Rich Hill came back strong from last year’s Tommy John elbow surgery, reclaiming a spot in the Red Sox’s bullpen and throwing 14 innings with a 2.63 ERA, but now the left-hander will miss at least a month with a strained flexor muscle in that same elbow.
Joe McDonald of ESPN Boston says that actually qualifies as positive news, because the Red Sox sent Hill to be examined by Dr. James Andrews and feared he might have another torn ligament that would require surgery.
To replace Hill on the roster the Red Sox recalled Mark Melancon from Triple-A, where he recovered from an absolutely brutal first two weeks in Boston to get back on track as a potential late-inning reliever.
Melancon earned his trip down to Pawtucket by going 0-2 with a 49.50 ERA in four appearances to begin the season, allowing 11 runs in two innings. And then he dominated at Triple-A, throwing 22 innings with a 0.82 ERA and 27/3 K/BB ratio to look like the shutdown reliever the Red Sox traded Jed Lowrie to the Astros to get this offseason.
Marco Estrada and the Blue Jays have agreed to a one-year, $13 million extension with the Blue Jays, reports Jon Morosi of MLB.com. Last night Morosi reported that the sides were near a deal.
This extension is, functionally, like adding a year on to his old deal, which paid him $26 million for the 2016-17 seasons. As Bill noted last night. while the 34-year-old right-hander has a subpar 4.84 ERA on the season, he has a solid 170/67 K/BB ratio in 176.2 innings this year and has improved in the second half.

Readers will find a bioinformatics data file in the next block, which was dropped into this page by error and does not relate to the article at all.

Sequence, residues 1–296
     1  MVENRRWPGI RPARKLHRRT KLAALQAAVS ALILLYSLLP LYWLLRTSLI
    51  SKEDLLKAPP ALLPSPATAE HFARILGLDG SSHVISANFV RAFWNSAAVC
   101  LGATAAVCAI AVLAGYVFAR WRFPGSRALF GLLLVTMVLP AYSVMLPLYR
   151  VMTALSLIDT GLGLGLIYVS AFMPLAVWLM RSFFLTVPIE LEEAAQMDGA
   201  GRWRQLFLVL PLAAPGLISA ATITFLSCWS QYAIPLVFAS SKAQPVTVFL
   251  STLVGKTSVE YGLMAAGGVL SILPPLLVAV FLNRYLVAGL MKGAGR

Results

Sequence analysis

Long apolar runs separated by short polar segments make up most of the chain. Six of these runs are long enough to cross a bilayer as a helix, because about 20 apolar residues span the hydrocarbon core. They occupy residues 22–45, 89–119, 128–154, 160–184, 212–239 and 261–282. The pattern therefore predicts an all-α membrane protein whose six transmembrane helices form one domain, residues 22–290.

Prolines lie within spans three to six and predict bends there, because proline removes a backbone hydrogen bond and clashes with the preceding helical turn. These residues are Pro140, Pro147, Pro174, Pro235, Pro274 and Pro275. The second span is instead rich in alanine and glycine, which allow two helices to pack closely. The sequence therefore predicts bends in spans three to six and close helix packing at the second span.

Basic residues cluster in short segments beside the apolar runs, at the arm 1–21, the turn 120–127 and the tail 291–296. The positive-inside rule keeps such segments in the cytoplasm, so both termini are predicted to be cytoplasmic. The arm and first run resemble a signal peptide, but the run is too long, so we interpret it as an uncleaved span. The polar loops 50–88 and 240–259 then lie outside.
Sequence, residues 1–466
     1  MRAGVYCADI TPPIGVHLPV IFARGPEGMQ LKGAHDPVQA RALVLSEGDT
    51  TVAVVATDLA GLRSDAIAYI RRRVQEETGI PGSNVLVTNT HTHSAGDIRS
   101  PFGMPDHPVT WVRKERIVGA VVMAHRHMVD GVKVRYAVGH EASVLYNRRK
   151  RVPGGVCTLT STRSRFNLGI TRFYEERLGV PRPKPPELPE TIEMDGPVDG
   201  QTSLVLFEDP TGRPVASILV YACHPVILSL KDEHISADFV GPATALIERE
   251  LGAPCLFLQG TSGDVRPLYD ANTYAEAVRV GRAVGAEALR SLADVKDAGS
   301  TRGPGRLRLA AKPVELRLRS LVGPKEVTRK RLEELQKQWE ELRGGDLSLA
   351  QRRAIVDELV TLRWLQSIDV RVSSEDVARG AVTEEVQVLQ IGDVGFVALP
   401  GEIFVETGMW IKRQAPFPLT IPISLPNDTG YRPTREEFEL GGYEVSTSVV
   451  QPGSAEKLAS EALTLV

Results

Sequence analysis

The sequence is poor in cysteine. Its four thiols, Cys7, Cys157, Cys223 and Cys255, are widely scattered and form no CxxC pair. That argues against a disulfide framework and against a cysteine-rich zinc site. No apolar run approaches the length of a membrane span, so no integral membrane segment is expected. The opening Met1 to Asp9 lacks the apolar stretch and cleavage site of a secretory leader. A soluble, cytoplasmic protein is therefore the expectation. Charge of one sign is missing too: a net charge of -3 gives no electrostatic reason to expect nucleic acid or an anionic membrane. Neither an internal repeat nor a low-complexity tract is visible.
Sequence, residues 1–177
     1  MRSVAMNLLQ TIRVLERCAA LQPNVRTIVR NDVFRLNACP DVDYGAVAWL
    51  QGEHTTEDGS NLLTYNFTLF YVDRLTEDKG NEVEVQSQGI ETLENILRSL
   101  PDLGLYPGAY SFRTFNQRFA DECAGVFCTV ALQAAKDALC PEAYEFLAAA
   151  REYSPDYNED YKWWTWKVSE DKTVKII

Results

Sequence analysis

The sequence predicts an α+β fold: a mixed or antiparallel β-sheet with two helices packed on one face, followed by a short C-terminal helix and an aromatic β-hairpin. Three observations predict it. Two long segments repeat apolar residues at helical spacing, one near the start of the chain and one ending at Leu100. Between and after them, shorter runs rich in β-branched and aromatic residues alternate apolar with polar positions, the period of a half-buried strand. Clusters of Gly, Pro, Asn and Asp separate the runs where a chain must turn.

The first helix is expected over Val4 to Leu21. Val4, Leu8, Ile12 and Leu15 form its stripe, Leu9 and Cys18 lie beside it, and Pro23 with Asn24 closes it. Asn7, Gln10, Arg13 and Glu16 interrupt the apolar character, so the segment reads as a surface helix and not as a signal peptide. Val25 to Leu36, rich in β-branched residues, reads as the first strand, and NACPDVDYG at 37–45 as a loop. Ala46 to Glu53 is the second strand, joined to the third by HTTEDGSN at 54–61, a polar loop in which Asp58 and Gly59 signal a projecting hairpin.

Adrian Walker of the Boston Globe reports that the Boston Red Sox will air an anti-racism public service announcement at Fenway Park before their game on September 28. This is part of a large campaign backed by the Sox, the Boston Bruins, Boston Celtics, New England Patriots and New England Revolution “featuring athletes calling on fans to take a stand against racism and hate speech at sports venues.”
This comes in the wake of a group of protesters hanging an anti-racism banner in Fenway Park last week which, in turn came a few months after Adam Jones, like many visiting players of color before him, claimed that racial epithets were hurled at him by fans in the Fenway bleachers.
Red Sox CEO Sam Kennedy tells the globe that the Jones incident is what inspired the PSA campaign:
“When the incidents in May occurred, one of the first things we recognized was sports teams are high-profile, and we have the opportunity to help lead a high-level discussion around this,” he said. “We wanted to take the lead in taking a stand against racism.”